One patient suffered a direct lightning strike and is in cardiac arrest. Because of its massive direct current countershock, lightning strike can induce depolarization of the entire myocardium leading to cardiac standstill. Immediate cardiac arrest is the most common cause of death after a lightning strike. However, respiratory arrest may also occur, either due to paralysis of the respiratory center in the medulla, or as a result of tetany of the respiratory muscles from electric current passing through the thorax. Many patients will regain cardiopulmonary function if timely and appropriate resuscitation efforts are able to sustain oxygenation and circulation while the organ systems recover.

Given the first patient’s young age and lack of comorbid factors, there is a greater likelihood for response to resuscitation efforts than in victims with cardiac arrest from other traumatic causes. The heart’s inherent automaticity renders it possible for spontaneous recovery if immediate defibrillation and tissue oxygenation is maintained.

The second patient, although hemodynamically stable, has suffered a high-risk electrical injury with loss of consciousness. Head and/or spinal injury could be present as a consequence of being “thrown” by the lightning strike. He requires evaluation with CT scan of the head, ECG, spinal immobilization, and evaluation and initial observation in the ICU for close monitoring of the cardiopulmonary status.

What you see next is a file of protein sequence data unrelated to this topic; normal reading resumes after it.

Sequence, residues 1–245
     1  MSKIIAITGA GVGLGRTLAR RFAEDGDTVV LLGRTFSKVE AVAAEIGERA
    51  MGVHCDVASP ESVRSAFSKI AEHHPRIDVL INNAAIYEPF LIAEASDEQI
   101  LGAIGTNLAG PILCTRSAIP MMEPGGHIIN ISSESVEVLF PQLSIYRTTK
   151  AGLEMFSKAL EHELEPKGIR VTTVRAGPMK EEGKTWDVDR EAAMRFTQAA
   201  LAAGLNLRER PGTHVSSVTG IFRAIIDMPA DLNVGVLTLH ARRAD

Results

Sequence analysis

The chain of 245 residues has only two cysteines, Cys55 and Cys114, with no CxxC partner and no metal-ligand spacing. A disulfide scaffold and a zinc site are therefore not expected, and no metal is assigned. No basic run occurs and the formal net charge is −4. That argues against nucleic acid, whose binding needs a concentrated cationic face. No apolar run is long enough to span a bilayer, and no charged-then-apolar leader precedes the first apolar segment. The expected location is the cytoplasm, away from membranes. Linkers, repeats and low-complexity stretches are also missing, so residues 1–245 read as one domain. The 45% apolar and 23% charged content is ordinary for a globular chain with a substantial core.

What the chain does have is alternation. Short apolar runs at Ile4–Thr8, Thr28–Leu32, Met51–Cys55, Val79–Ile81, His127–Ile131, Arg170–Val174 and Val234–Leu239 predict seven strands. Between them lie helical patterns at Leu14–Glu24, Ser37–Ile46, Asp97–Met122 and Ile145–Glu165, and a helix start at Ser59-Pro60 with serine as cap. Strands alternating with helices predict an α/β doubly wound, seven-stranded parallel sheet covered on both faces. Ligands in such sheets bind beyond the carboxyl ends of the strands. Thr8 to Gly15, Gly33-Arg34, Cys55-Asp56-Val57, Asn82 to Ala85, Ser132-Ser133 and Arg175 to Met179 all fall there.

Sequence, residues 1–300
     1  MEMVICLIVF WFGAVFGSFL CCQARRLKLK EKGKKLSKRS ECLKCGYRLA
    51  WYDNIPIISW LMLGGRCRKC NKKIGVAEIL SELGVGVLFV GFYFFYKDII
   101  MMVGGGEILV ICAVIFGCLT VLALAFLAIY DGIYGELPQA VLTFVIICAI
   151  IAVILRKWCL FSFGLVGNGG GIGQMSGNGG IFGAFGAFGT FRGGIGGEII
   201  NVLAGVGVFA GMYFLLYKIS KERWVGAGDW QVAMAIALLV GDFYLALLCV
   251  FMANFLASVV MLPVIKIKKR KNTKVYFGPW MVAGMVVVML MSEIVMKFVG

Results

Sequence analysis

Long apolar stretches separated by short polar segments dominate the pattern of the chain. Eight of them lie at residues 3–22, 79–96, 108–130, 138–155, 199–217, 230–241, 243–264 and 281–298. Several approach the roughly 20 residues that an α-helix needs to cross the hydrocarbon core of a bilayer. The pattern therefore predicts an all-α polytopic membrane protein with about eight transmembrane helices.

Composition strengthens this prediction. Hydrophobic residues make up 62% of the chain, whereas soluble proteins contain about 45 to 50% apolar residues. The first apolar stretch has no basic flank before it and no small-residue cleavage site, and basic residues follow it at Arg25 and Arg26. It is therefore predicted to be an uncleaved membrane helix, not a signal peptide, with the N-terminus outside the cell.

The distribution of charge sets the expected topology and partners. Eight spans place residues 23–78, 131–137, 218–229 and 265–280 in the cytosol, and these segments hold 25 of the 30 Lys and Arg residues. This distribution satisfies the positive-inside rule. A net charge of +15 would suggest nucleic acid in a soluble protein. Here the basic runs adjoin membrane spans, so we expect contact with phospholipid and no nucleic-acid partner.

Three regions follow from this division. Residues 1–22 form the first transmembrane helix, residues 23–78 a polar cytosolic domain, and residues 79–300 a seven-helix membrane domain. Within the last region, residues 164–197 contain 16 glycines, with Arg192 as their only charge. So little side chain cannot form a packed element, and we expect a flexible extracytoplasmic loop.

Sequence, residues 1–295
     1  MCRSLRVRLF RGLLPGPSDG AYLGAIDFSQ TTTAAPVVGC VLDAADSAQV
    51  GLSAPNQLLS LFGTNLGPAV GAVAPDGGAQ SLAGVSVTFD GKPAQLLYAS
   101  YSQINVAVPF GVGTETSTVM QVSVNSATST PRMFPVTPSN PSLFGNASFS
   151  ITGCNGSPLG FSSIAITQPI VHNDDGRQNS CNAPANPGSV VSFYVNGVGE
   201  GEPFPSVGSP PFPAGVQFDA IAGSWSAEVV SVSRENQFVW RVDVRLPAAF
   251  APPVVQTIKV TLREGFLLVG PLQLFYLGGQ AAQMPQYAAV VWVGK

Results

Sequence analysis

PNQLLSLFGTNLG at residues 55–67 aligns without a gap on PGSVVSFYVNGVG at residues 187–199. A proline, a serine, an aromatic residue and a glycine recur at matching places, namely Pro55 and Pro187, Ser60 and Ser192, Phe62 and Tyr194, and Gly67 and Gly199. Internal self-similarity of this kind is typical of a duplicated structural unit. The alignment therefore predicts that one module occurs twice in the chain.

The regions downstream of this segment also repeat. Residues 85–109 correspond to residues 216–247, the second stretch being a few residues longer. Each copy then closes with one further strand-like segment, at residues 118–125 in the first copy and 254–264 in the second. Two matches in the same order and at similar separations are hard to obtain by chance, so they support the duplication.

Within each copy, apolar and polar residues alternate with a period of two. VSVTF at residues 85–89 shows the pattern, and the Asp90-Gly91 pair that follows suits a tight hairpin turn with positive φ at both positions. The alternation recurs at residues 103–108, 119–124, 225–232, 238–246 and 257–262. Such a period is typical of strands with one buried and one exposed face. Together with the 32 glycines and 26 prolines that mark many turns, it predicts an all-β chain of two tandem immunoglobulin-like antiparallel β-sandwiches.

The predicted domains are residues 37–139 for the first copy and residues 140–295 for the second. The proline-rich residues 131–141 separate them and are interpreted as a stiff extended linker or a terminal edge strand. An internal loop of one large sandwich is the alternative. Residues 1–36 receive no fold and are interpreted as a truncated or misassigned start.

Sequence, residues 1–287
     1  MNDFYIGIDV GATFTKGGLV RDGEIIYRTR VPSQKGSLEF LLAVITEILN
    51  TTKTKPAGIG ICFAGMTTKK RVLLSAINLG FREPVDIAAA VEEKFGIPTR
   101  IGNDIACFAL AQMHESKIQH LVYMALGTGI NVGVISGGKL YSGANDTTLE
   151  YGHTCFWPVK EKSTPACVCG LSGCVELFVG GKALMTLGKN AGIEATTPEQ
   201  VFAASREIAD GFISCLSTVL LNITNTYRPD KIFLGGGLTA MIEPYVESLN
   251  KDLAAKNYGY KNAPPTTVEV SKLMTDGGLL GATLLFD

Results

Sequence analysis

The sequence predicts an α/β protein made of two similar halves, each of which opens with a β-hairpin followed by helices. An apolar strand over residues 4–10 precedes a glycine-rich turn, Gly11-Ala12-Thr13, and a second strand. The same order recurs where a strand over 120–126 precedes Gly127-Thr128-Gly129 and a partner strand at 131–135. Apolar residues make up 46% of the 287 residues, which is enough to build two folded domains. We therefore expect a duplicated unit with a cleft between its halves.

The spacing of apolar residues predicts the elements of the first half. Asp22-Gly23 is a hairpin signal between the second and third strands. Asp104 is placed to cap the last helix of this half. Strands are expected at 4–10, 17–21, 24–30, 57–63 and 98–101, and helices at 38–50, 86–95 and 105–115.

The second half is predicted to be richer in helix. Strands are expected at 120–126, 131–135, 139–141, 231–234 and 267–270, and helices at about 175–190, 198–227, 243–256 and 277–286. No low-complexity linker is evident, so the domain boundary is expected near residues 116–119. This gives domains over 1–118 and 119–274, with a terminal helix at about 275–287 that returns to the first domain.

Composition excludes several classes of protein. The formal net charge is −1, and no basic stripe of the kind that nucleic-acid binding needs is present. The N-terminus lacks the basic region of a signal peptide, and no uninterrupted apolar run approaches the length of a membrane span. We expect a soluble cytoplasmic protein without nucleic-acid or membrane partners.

Approach To:
Lighting and Electrical Injury

Although lightning strike is a rare phenomenon, this injury is associated with a 25% fatality rate, and more than 70% of those who survive have permanent injuries. Lightning strike is responsible for approximately 100 deaths annually in the United States. Electrical injury, excluding lightning, is responsible for more than 500 deaths annually, with approximately 20% of its victims being younger than age 18 years. The effects of electrical injury are related to the intensity and magnitude of the electric current. According to Ohm law, the current flow (amperage) is directly related to the voltage and inversely related to the resistance in the current’s pathway, represented by the following formula: current (amperage) = voltage/ resistance. Because of their low resistance, nerves, blood vessels, mucous membranes, and muscle are the preferred pathways for electric current passage and are most susceptible to electrical and lightning injury. Bones, fat, tendon, and skin have relatively high resistance, and therefore sustain less damage during electric and lightning injuries. The probable path of the electrical current should be assessed; for example, burns on both hands indicate a path likely through the heart, which has a poor prognosis.